In the talk, David gave an example of a team with three developers, in which only three items could be in the development portion of the pipeline at any one time.

For each stage, the number of items of work in progress can be different and adjusted according to observed throughput. The system is explicitly setup to allow such adjustments by the members of the team.

No more estimation?
Otherwise known as "Is he mad?"

I admit this one, while very attractive (since I can't estimate ... never have been able to, and don't think I ever will), is a bit difficult for me to comprehend.

Let’s say you can only have three items of work and an agreed lead time. Without estimates, how can I tell if I grab the next item off the queue that it will fit into the lead time? David did mention that items can be bounced back if considered too big, so I suppose there is a bit of sneaky just in time estimation involved somewhere.

At basis I think, in the example provided, it was not so much that there is no more estimation that is the issue. The point here is that that system focuses on the elimination of waste. Therefore where estimation was considered wasteful it was eliminated. So I may be misrepresenting Kanban to say that there is no more estimation. This may be particular to the example given. I'll update you when I am enlightened enough to understand more.

Increased morale and productivity? Otherwise known as "I hope he is not mad"

With regard to morale and productivity I think the latter stems mainly from the elimination of waste (download the slides - in the project study cited in the talk it emerged that 33-40% of developer capacity was spent on estimation. The morale boost of witnessing rapid improvement of throughput is something I can easily understand.

In addition I think the approach encourages transparency. This is a bit of an obvious claim given the way in which project details are held. Having a big whiteboard with all the tokens representing items of work, visible to all in the room promotes simple visibility of the state of the project. Physical proximity helps of course. Although it is obvious it should never be underestimated or taken for granted in what is basically a social activity.

This post barely scratches the surface of the talk, so I recommend that you try to get hold of the talk online (he has given in elsewhere so there may be video somewhere) or catch David speaking at some other conference, or even just browse the slides.

Monday, 11 February 2008

What does the B in BDD mean

Hmmm ... the B in BDD. I know what it's supposed to stand for. So what does it smell like? A bit like a bad Balti. You know the one. It smells good when you're all beered up and you need a good dose of ghee to line your internals, but in the morning you'll smell like stale spice and hate yourself.

I've heard of TDD being described as "poor mans formal methods". Well BDD as it’s currently being hawked is "poor mans formal methods sold by a snake oil salesman".

As a general rule of thumb, I reckon you can judge the substance of an idea by the use cases put forward as exemplars of the idea.

Is this:

stack."should be empty"

demonstrably better on any level in any universe than:

assert stack.isEmpty()

Actually this is the best explanation I've seen of why all this BDD (frameworks at least) stuff does not seem amazingly compelling to me.

As a branding exercise BDD may well be a good suggestion. It might be a good idea to drop the "Test" from TDD, since the word "Test" encumbers us with the idea that it is something you do after everything else is done. It’s the implementations that seem a bit stilted to me.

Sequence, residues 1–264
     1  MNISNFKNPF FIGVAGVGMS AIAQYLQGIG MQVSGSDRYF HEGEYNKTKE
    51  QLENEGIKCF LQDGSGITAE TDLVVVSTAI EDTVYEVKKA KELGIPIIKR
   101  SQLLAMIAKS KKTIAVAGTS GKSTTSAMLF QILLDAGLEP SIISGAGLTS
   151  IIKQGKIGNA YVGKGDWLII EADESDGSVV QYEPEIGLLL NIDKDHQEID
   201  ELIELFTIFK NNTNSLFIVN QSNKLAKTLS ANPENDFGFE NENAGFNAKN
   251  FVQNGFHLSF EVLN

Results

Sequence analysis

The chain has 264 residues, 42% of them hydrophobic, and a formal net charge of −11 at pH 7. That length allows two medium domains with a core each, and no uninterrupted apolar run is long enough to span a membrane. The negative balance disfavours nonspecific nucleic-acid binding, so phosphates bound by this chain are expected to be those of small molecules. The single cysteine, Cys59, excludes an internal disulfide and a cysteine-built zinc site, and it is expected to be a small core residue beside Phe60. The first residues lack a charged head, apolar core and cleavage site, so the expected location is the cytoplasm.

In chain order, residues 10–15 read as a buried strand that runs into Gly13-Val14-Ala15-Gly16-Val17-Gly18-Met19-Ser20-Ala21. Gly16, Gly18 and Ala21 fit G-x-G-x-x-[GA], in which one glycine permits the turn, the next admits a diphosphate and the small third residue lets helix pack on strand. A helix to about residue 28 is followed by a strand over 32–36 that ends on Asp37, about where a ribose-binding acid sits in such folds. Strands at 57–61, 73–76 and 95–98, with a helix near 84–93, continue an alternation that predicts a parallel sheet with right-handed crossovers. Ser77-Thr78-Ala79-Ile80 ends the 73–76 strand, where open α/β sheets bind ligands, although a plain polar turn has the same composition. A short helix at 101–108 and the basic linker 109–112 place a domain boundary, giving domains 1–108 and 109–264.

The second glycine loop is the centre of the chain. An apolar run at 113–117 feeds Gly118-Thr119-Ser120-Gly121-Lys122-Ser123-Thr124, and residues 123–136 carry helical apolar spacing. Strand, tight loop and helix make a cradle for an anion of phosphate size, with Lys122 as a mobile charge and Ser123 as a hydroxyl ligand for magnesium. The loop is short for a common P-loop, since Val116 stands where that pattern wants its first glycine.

You could use any xUnit framework for all and any of its short comings, coupled with well thought out tests to specify the behaviour of the software under test.

It is true xUnit tests do not communicate nicely with the business end of a software project, but are these BDD frameworks aimed at providing a fancy way to expose the intent of tests in human readable form? Perhaps that’s an unfair question since clearly the intent is really about moving from
from business requirements in the direction to working code.

So would using a BDD framework be a good approach to driving development. For the sake of argument lets imagine we were able to get “Behaviour” style user stories from “the business” in the format:

Given some context …
When some condition and/or action happens …
Then this other thing happen or be true …

It looks to me that if we could get something like the above, then our problems would be over. We'd have some concrete unambiguous requirements! To get to this point we would already have had to define a constrained format for the requirements. Then we would still need to implement a translation layer to map those requirements to a verification language, with or without a framework. That language would then be able to assert that the system meets the requirements.

If the BDD frameworks are just another mechanism for writing the verification language, fair enough but they do not allow us to move up to a higher level abstraction. They do not provide us with the means to write this:

Given some context …
When some condition and/or action happens …
Then this other thing happen or be true …

and then just automatically get the computer to just do the right thing. Therefore I can’t see the compelling argument for the adoption of any the current rash (rSpec, jBehave, Instinct, easyb ... and so on and on) of BDD frameworks.

I have no deep love for Fit, having used it a bit too much recently, but I can say this. It enables us to our say to our clients something not a million miles away from this:

Given a trade that looks like this …
When you amend it as follows …
Then the resulting trade will be like this …

Job done.

We can do this in some quite flexible ways and one thing I do know for sure is that our clients have never shown any interest in the behaviour of the Stack object which I know must be lurking somewhere in the code.

Saturday, 2 February 2008

Our chimps are smarter than theirs

Often heard in the consulting world is a discussion of the stunted abilities of this or that company's developers, especially when compared to the speaker's abilities. If you've been on the receiving end of this type of rant before, and found it an unedifying experience then you may find this is a fun read.